WE KILLED HUNGER. This is no small achievement and set the stage for so many great moments that followed, but it all started with breakfast. Let me clarify, it all started with FREE breakfast. Every student at our school has access to both free breakfast and free lunch. Everyone. If you don’t think that is a big deal, then you don’t really understand how the human brain works; if you are hungry, fractions are never going to make sense - no matter how smart you are.
We are reaching the point in the school year, where we become reflective. Actually that’s not completely accurate. We are often reflective. We have meetings to analyze and review lessons and units we’ve taught, but this is the time of year when we begin to look at the long arch of the school year and see what has worked and what hasn’t. And we killed hunger.
Thanks to some generous grants we were able to ensure that all of our students not only had two solid meals a day at school, but also had an opportunity for a healthy snack as well. As I walked out front to work my spot as a crossing guard this afternoon, I passed a long line of students munching away on apples. They are exposed to all kinds of fruits and vegetables. I love watching our PE teacher share things like carrots, kale and raspberries with them. “Just take one bite. You might like it. Taste how free and sweet it is.” They all taste it, too. They often ask if they can have more. It is beautiful.
I was thinking, just the other day about how different our world would be if we truly treasured every single child. If we considered it our watchword as community to ensure that every single child was supported and nurtured. If it became the norm for our community to say, “It doesn’t matter where you live in our city, every school that you attend is a great school; all of them.” Investing in every child in our community is really an investment in ourselves and our future. If some kids need more - then fine, we make sure that they have what they need. We feed them breakfast. We hand them a pencil. We make it clear that they are important and that they matter. We make it clear that their future matters because their future is our future. You need a calculator? You need a book? You need a sandwich? I got you. It seems like a radical concept, but it shouldn’t.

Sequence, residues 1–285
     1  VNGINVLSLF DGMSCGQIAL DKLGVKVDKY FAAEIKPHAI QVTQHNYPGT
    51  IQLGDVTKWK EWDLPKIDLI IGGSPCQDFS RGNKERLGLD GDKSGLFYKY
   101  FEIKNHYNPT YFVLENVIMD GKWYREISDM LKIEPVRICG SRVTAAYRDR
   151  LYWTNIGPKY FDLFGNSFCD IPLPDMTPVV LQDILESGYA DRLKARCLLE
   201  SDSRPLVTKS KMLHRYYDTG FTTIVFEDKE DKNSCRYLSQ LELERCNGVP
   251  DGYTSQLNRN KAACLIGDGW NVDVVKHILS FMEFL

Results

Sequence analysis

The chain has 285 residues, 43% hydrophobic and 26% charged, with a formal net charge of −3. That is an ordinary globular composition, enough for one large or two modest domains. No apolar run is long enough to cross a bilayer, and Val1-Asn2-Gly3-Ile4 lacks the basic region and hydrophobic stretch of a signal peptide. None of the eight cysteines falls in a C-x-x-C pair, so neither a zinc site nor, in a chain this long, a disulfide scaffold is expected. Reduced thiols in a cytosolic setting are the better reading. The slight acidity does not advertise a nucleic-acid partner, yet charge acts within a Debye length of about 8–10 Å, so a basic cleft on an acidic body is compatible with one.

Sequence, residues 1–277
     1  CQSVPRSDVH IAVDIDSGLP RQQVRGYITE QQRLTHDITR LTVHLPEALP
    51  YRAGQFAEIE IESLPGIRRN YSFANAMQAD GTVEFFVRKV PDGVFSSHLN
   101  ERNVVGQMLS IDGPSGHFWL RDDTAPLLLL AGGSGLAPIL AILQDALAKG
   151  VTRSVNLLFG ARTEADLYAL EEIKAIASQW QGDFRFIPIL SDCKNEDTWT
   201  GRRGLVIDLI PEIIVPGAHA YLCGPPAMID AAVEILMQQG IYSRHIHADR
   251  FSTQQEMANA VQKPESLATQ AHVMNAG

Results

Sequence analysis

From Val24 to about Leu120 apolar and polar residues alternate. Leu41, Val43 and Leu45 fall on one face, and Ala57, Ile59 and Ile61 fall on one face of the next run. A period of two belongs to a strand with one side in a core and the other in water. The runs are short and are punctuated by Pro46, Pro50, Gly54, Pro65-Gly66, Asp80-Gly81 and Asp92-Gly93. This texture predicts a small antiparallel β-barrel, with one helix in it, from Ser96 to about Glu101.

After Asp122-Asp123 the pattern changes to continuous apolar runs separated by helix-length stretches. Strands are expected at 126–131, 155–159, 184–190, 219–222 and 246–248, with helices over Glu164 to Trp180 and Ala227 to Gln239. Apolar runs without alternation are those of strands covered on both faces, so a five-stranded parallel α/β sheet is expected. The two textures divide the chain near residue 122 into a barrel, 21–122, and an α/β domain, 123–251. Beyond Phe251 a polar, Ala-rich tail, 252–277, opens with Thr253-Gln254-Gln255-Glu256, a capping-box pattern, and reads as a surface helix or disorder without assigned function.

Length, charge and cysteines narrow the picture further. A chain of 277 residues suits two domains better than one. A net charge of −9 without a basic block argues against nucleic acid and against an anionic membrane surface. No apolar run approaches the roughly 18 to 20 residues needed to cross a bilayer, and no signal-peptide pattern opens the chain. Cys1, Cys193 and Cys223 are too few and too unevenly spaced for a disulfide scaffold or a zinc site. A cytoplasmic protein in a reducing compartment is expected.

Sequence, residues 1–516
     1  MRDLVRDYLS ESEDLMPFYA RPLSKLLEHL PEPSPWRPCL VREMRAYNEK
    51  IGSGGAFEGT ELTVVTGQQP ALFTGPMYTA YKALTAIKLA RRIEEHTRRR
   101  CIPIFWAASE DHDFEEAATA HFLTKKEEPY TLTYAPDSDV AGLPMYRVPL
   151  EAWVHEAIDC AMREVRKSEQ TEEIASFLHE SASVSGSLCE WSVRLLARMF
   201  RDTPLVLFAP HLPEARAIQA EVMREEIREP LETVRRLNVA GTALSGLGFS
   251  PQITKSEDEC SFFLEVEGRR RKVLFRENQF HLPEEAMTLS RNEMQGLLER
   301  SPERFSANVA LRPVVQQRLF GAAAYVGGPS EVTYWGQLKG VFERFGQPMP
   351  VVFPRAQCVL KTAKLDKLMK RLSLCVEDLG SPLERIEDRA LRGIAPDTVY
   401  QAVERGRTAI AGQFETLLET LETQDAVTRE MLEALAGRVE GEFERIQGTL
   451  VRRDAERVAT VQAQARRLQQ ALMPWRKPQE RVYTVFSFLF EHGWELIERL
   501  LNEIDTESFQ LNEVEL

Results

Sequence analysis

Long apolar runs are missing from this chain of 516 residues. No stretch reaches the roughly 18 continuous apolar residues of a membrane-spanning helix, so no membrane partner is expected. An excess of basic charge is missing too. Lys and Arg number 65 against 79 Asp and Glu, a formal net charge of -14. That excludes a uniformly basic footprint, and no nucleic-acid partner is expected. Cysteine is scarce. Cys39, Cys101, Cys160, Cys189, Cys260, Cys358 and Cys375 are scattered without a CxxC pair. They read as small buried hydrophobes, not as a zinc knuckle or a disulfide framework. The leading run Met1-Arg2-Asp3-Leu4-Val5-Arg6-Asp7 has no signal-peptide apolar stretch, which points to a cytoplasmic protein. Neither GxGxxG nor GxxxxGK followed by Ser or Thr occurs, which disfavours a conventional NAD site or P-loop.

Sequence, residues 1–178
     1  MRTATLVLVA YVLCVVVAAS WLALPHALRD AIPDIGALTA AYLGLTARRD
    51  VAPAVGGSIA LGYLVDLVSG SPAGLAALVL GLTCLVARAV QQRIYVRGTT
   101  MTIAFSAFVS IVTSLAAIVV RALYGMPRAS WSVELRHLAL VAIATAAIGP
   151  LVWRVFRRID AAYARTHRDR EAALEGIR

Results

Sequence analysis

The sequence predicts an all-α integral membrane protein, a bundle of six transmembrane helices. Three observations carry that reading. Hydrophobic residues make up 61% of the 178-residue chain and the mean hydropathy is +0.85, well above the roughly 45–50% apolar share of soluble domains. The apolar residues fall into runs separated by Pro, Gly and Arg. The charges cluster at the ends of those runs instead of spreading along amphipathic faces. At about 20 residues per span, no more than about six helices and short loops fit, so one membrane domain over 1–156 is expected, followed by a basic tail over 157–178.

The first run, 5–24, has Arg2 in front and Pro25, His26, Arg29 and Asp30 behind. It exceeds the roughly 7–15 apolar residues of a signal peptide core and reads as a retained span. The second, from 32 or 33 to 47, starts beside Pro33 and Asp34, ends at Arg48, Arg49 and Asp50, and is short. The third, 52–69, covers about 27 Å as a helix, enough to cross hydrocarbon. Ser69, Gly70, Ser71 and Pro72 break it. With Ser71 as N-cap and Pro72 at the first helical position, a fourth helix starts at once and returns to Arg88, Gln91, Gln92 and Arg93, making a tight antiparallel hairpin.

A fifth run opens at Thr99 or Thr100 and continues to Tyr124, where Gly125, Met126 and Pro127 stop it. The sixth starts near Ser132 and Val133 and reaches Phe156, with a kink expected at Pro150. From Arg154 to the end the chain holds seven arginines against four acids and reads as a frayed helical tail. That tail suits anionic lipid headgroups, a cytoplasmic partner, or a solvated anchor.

We understand on an intellectual level the power of community. We see it in stories when people gather to give a car to a deserving kid who has been walking an hour to work each day. We see it when a group of strangers form a human chain to rescue a dog. Yet, in our day to day lives we ignore the most obvious power of community; we rise together. If I reach out to lend a hand to lift a neighbor, I am also lifting myself. My neighborhood becomes better, stronger, and so in helping someone else, I am really helping myself.
I should mention that I am hugely flawed. I say this just in case you are thinking, “Man she has got it together.” I 100% don’t. The fact that I was thinking about this the other day was because I was reflection on mistakes I’d made about being supportive to a student. Sometimes, I don’t do all I can. Sometimes, I get tired, or even irritated. I try to never, ever let my emotions impact my teaching - that isn’t fair to my students, but sometimes, after a student has asked my forty-seven times if they really, really have to finish their writing, I get snippy. And yet, constant, steady support is what every kid needs. Constant support and care makes it possible for kids to thrive, but first, very first of all, you have to make sure they aren’t hungry.
If you live in my town, there are plenty of schools where kids and parents are struggling over paying the outstanding bill for their lunches. Fortunately, in our district, we don’t withhold food because of this, however, that bill weighs heavy on those families. If you have a couple of bucks — maybe donate toward some of those bills. If you have a fat, stack of cash, maybe pay some of them off. You aren’t just doing that good work for the student you’ve never met. You aren’t just feeding them; you are feeding your own community. You are ensuring that it grows up strong and healthy so that all who live there can focus on the work in front of them.
If you want to change the world, you are going to have to kill hunger.